The National Student Clearinghouse reports that between 2000 to 2016, the cumulative debt for all graduate students grew 68% overall to an average of $71,000 per borrower. Black borrowers' graduate debt grew 112% during the same period to an average of $94,000 per student.
"It's really not clear to me why we can't simply remove that language, because it doesn't mean we're still not attending to the needs of undergraduates [if we also include graduates]," Dorimé-Williams said.
ED representatives did not directly address why the department decided to exclude graduate loans.
Too Many Low-Income Borrowers Excluded
Some negotiators felt that 200% of the federal poverty level was too low of a percentage for $0 payments to end there.
Persis Yu, representing legal assistance organizations that represent borrowers, and Bethany Lilly, representing students with disabilities, agreed that the cutoff should occur at 300% instead. Yu said this would better meet the self-sufficiency standard seen across the country. She shared a report with BestColleges from the National Consumer Law Center that shows the average family of four would need to make over 300% of the poverty standard in order to be deemed self-sufficient by the Colorado Center of Law and Policy.
"I don't think there is good evidence for 200%, but I think there is great evidence for 300%," Yu said.
Hong of ED said the department stands by its marginal rate of increased payments starting at 200% of the poverty line.
Student Debt Forgiveness Timeline Is Too Long
Under the current EICR proposal, which ED can still change from now until it publishes its final regulations early in 2022, a borrower paying back their loans on this plan is eligible for loan forgiveness if they make their payments for 20 years.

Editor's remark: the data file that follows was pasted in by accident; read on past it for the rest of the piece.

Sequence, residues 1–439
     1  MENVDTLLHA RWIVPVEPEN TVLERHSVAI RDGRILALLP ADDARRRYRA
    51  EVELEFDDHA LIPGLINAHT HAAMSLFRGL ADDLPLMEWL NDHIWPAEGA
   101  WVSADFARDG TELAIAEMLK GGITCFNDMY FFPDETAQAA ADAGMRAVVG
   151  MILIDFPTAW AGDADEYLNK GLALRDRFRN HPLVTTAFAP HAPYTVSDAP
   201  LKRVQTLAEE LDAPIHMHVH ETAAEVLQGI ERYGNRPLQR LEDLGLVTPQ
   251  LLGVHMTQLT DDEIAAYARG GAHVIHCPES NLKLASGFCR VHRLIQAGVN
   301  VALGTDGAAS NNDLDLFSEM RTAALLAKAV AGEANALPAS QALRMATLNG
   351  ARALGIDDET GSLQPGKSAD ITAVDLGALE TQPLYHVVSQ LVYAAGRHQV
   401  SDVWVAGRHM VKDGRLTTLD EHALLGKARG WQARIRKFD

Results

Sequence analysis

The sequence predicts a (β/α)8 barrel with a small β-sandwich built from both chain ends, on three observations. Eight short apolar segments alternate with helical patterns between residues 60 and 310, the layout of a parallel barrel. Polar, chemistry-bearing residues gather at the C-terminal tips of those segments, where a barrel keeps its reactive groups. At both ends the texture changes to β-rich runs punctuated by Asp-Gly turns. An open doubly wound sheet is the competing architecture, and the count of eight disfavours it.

Many negotiators took issue with this timeline.
"I struggle with the idea that the time for forgiveness is as long as it is," said Daniel Barkowitz, representing financial aid administrators. "Carrying that burden for 20 years ... is more than life altering; it's trajectory altering."
Many committee members, Barkowitz included, recommended shortening the time to forgiveness to 10 years, which would mirror the public service loan forgiveness (PSLF) program. However, while Hong of ED said the department considered that proposal after previous negotiating sessions, ED did not feel comfortable shortening the timeframe this much.
Michaela Martin, representing independent students, said this would adversely affect low-income borrowers. She said by forcing borrowers to carry this debt for two decades, many will miss out on other loan opportunities, hurting their chances for class mobility.
Lilly, representing students with disabilities, urged ED to meet negotiations at 15 years instead, but ED did not change this language prior to the consensus vote.